“The result of this agreement 0 which will have dramatic long-term effects in keeping to an absolute minimum the funds held in control accounts – was to produce a non-recurrent revenue spike of $6.4 million in AMCOS’ operating revenue. The great majority of this sum had been distributed to the correct copyright owners by year end on a zee-rated commission basis.”
“Excluding the impact of this extraordinary item, AMCOS’ revenue grew by a robust 15.4%, driven by a further 21% growth in income from digital downloads (to $25.2 million), a 37.4% increase in broadcast mechanicals (to $12.5 million) and a 21.9% increase in licence fees paid by educational institutions (to $7.8 million).”
Cottle highlighted new licence schemes negotiated with the airline industry, the fitness industry, commercial free-to-air television, schools, and the operators of video on demand services as some of the factors in the incredible increase in revenue.
During the year ahead, negotiations on new agreements will take place with the subscription television industry and concert promoters. Cottle expects to see a return to more normal growth levels in revenue receipts across the APRA and AMCOS business over the next year.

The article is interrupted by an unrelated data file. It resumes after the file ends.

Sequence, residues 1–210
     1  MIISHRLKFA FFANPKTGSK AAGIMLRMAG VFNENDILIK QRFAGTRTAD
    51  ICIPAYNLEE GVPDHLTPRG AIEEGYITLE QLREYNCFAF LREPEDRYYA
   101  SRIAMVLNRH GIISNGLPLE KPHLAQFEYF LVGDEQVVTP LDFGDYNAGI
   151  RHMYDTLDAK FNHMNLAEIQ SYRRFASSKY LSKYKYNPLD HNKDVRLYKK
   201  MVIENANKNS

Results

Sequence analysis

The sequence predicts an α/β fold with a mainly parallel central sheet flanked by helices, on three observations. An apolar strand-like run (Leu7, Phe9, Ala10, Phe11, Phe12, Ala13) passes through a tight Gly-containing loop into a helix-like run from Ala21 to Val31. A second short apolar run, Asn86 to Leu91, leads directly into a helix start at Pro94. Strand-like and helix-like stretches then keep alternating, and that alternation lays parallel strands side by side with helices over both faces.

Other highlights included a 9.1% increase in international revenue for Australasian music creators – a new record of $22.1 million, confirming the growing international interest in the work of Australian songwriters, with Australia now being the sixth largest recording market in the world . In addition, revenue from digital downloads and online sources grew by 17.9% to 35.6 million.
Over coming years APRA and AMCOS will be involved in extensive work and expense in the area of system development, including increased use of music recognition technology, and the migration of client transactions to digital and mobile platforms.
The coming year will also involve an extensive review boy the Australian Law Reofrm Commission of copyright law as it applies to the “Digital Economy”. APRA and AMCOS have promised to be active submission-makers to this inquiry and Cottle and his team’s message will be simple.
“The cultural health of the nation, as measured by its output or original creative works, is crucially dependent on two key pillars – transparent, effective service organisations for creators and a strong, clear copyright law compatible with international standards and the principle of fair reward for creative effort.”